Health care costs before and after diagnosis of depression in patients with unexplained pain: a retrospective cohort study using the United Kingdom General Practice Research Database
Authors Reed C, Hong J, Novick D, Lenox-Smith A, Happich M
Received 19 September 2012
Accepted for publication 5 November 2012
Published 14 January 2013 Volume 2013:5 Pages 37—47
Checked for plagiarism Yes
Review by Single anonymous peer review
Peer reviewer comments 3
Catherine Reed,1 Jihyung Hong,2 Diego Novick,1 Alan Lenox-Smith,3 Michael Happich4
1Global Health Outcomes, Eli Lilly and Company, Windlesham, Surrey, UK; 2Personal Social Services Research Unit, London School of Economics and Political Science, London, UK; 3Eli Lilly UK, Basingstoke, UK; 4Eli Lilly and Company, Bad Homburg, Germany
Purpose: To assess the impact of pain severity and time to diagnosis of depression on health care costs for primary care patients with pre-existing unexplained pain symptoms who subsequently received a diagnosis of depression.
Patients and methods: This retrospective cohort study analyzed 4000 adults with unexplained pain (defined as painful physical symptoms [PPS] without any probable organic cause) and a subsequent diagnosis of depression, identified from the UK General Practice Research Database using diagnostic codes. Patients were categorized into four groups based on pain severity (milder or more severe; based on number of pain-relief medications and use of opioids) and time to diagnosis of depression (≤1 year or >1 year from PPS index date). Annual health care costs were calculated (2009 values) and included general practitioner (GP) consultations, secondary care referrals, and prescriptions for pain-relief medications for the 12 months before depression diagnosis and in the subsequent 2 years. Multivariate models of cost included time period as a main independent variable, and adjusted for age, gender, and comorbidities.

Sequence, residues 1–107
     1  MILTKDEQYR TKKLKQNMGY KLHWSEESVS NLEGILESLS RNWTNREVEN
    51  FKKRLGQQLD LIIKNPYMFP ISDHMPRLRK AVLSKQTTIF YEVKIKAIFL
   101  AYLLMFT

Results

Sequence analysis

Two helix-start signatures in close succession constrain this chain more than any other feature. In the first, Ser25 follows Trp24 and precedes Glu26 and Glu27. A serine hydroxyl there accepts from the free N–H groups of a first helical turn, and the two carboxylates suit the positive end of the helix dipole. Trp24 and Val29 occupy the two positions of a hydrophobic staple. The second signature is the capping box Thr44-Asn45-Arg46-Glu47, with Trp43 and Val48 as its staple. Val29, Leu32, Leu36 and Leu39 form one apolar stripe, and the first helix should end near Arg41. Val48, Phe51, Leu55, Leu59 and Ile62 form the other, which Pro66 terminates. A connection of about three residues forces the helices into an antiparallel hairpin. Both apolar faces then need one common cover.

Results: Total annual health care costs before and after depression diagnosis for the four patient groups were higher for the groups with more severe pain (£819–£988 versus £565–£628; P < 0.001 for all pairwise comparisons) and highest for the group with more severe pain and longer time to depression diagnosis in the subsequent 2 years (P < 0.05). Total GP costs were highest in the group with more severe pain and longer time to depression diagnosis both before and after depression diagnosis (P < 0.05). In the second year following depression diagnosis, this group also had the highest secondary care referral costs (P < 0.01). The highest drug costs were in the groups with more severe pain (P < 0.001), although costs within each group were similar before and after depression diagnosis.
Conclusion: Among patients with unexplained pain symptoms, significant pain in combination with longer time from pain symptoms to depression diagnosis contribute to higher costs for the UK health care system.
Keywords: depression, pain, cost, GPRD, UK
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